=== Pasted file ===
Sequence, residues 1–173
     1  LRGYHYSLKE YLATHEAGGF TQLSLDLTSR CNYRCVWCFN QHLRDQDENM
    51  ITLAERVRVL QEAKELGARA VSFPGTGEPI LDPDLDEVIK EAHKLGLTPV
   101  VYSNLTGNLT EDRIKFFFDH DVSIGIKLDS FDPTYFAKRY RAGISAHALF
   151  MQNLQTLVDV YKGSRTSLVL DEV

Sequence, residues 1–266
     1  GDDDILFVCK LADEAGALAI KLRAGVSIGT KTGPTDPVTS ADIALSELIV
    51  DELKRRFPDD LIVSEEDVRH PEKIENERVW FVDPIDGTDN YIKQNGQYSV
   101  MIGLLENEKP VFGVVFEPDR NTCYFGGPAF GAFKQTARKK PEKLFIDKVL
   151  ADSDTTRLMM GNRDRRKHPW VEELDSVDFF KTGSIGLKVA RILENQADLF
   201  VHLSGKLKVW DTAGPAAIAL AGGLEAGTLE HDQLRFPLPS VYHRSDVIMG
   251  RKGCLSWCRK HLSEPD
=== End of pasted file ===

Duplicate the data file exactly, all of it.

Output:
Sequence, residues 1–173
     1  LRGYHYSLKE YLATHEAGGF TQLSLDLTSR CNYRCVWCFN QHLRDQDENM
    51  ITLAERVRVL QEAKELGARA VSFPGTGEPI LDPDLDEVIK EAHKLGLTPV
   101  VYSNLTGNLT EDRIKFFFDH DVSIGIKLDS FDPTYFAKRY RAGISAHALF
   151  MQNLQTLVDV YKGSRTSLVL DEV

Sequence, residues 1–266
     1  GDDDILFVCK LADEAGALAI KLRAGVSIGT KTGPTDPVTS ADIALSELIV
    51  DELKRRFPDD LIVSEEDVRH PEKIENERVW FVDPIDGTDN YIKQNGQYSV
   101  MIGLLENEKP VFGVVFEPDR NTCYFGGPAF GAFKQTARKK PEKLFIDKVL
   151  ADSDTTRLMM GNRDRRKHPW VEELDSVDFF KTGSIGLKVA RILENQADLF
   201  VHLSGKLKVW DTAGPAAIAL AGGLEAGTLE HDQLRFPLPS VYHRSDVIMG
   251  RKGCLSWCRK HLSEPD